Hans Rademacher

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Hans Adolph Rademacher (3 April 1892, Wandsbeck, now Hamburg-Wandsbek – 7 February 1969, Haverford, Pennsylvania, USA) was a German mathematician, known for work in mathematical analysis and number theory.


Rademacher received his Ph.D. in 1916 from Georg-August-Universität Göttingen; Constantin Carathéodory supervised his dissertation.[1] He was dismissed from his position at the University of Breslau by the Nazis in 1933 due to his public support of the Weimar Republic,[2] and emigrated from Europe in 1934.

After leaving Germany, he moved to Philadelphia and worked at the University of Pennsylvania until his retirement in 1962; he held the Thomas A. Scott Professorship of Mathematics at Pennsylvania from 1956 to 1962. Rademacher had a number of well-known students, including George Andrews, Paul T. Bateman, Theodor Estermann and Emil Grosswald.


Rademacher performed research in analytic number theory, mathematical genetics, the theory of functions of a real variable, and quantum theory. Most notably, he developed the theory of Dedekind sums. In 1937 Rademacher discovered an exact convergent series for the partition function P(n) , the number of integer partitions of a number, improving upon Ramanujan's asymptotic non-convergent series and validating Ramanujan's supposition that an exact series representation existed.

Awards and honors[edit]

With his retirement from the University of Pennsylvania, a group of mathematicians provided the seed funding for The Hans A. Rademacher Instructorships, and honored him with an honorary degree as Doctor of Science.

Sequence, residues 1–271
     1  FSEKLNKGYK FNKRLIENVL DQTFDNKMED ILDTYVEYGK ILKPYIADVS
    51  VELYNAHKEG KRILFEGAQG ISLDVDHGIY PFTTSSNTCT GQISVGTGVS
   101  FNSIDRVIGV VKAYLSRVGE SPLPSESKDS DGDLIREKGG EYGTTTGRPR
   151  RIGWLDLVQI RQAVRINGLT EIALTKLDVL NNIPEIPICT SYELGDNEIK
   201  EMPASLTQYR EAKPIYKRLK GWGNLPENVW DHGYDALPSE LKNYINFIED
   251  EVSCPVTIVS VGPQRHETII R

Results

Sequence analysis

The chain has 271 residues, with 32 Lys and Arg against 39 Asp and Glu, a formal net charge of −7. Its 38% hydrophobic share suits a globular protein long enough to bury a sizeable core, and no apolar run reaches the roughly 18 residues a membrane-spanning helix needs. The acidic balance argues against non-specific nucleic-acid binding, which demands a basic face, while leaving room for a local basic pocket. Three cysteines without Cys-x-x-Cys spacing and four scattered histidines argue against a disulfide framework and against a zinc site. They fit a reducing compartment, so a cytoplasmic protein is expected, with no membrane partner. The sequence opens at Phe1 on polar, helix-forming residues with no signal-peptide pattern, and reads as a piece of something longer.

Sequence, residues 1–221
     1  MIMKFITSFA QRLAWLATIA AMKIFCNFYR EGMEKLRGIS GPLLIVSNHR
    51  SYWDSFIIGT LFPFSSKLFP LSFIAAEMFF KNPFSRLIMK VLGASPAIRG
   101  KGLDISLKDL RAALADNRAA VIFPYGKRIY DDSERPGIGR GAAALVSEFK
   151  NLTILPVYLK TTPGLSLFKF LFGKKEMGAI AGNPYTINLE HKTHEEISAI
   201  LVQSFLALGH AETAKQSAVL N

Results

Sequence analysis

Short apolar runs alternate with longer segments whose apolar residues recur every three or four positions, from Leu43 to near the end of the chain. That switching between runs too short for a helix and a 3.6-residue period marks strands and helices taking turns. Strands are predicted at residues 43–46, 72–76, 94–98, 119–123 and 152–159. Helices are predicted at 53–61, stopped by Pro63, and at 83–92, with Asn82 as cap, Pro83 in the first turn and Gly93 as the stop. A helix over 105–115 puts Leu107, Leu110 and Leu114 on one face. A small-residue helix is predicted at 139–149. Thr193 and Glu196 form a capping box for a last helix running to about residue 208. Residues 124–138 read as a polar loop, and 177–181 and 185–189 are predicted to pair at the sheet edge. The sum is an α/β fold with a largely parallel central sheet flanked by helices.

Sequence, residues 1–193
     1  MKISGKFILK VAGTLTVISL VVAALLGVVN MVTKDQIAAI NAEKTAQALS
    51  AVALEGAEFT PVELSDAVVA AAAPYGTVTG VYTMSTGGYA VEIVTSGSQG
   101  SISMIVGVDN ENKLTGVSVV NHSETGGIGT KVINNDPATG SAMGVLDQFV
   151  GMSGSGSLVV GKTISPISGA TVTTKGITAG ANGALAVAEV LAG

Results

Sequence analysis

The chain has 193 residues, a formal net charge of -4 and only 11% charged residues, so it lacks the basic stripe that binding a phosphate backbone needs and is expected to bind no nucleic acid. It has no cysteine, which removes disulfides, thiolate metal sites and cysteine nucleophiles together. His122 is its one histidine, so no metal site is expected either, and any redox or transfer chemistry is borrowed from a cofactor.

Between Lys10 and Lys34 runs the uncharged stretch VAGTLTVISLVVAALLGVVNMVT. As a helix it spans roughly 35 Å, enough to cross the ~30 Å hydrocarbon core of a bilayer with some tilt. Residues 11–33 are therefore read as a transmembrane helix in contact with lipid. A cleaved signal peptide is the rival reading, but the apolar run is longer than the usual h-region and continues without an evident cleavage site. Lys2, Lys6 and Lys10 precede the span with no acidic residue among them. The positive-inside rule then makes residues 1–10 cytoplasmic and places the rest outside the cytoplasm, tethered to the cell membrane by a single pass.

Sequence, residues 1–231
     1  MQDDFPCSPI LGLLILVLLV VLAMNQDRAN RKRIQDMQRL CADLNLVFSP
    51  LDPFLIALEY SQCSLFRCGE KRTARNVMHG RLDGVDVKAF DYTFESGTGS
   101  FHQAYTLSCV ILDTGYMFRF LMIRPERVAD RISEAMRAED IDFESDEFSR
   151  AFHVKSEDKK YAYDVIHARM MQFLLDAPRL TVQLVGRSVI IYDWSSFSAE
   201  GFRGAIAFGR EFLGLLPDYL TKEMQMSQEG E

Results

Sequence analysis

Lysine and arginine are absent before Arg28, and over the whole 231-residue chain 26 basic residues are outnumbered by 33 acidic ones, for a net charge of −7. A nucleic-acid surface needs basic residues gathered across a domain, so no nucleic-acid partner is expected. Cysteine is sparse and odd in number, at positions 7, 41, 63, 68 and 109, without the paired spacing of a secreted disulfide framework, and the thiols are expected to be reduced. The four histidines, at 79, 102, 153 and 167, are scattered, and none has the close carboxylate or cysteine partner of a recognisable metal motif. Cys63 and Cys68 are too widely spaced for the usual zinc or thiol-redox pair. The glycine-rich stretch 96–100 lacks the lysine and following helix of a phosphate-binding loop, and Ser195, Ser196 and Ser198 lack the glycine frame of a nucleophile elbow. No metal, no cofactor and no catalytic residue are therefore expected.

• with Otto Toeplitz: Von Zahlen und Figuren. 1930. 2nd edn. 1933. Springer 2001, ISBN 3-540-63303-0.
  • with Ernst Steinitz Vorlesungen über die Theorie der Polyeder- unter Einschluss der Elemente der Topologie. Springer 1932, 1976.
  • Generalization of the Reciprocity Formula for Dedekind Sums. In: Duke Math. Journal. Vol. 21, 1954, pp. 391–397.
  • Lectures on analytic number theory. 1955.
  • Lectures on elementary number theory. Blaisdell, New York 1964, Krieger 1977.
  • with Grosswald: Dedekind sums. Carus Mathematical Monographs 1972.
  • Topics in analytic number theory.[3] ed. Grosswald. Springer Verlag, 1973 (Grundlehren der mathematischen Wissenschaften).
  • Collected papers. 2 vols. ed. Grosswald. MIT press, 1974.
  • Higher mathematics from an elementary point of view. Birkhäuser 1983.

Further reading[edit]

  • George E. Andrews, David M. Bressoud, L. Alayne Parson (eds.) The Rademacher legacy to mathematics. American Mathematical Society, 1994.
  • Lexikon bedeutender Mathematiker. Deutsch, Thun, Frankfurt am Main, ISBN 3-8171-1164-9.
  • Tom Apostol: Introduction to Analytical number theory. Springer
  • Tom Apostol: Modular functions and Dirichlet Series in Number Theory. Springer
  • Berndt, Bruce C. (1992). "Hans Rademacher (1892–1969)" (PDF). Acta Arithmetica 61: 209–231. Retrieved 2009-02-07.  Obituary and list of publications.

See also[edit]


  1. ^ Hans Rademacher at the Mathematics Genealogy Project.
  2. ^ Siegmund-Schultze, Reinhard (2009). Mathematicians fleeing from Nazi Germany: individual fates and global impact. Princeton University Press. p. 69. ISBN 978-0-691-14041-4. .
  3. ^ Stark, H. M. (1975). "Review: Hans Rademacher, Topics in analytic number theory". Bull. Amer. Math. Soc. 81 (4): 663–672. doi:10.1090/s0002-9904-1975-13815-8. 

External links[edit]